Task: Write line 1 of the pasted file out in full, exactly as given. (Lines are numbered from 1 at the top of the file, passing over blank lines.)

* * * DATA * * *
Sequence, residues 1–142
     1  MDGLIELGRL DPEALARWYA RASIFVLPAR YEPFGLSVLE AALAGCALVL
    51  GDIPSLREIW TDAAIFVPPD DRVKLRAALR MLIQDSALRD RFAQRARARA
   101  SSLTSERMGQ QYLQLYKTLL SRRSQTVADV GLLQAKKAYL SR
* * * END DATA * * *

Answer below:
Sequence, residues 1–142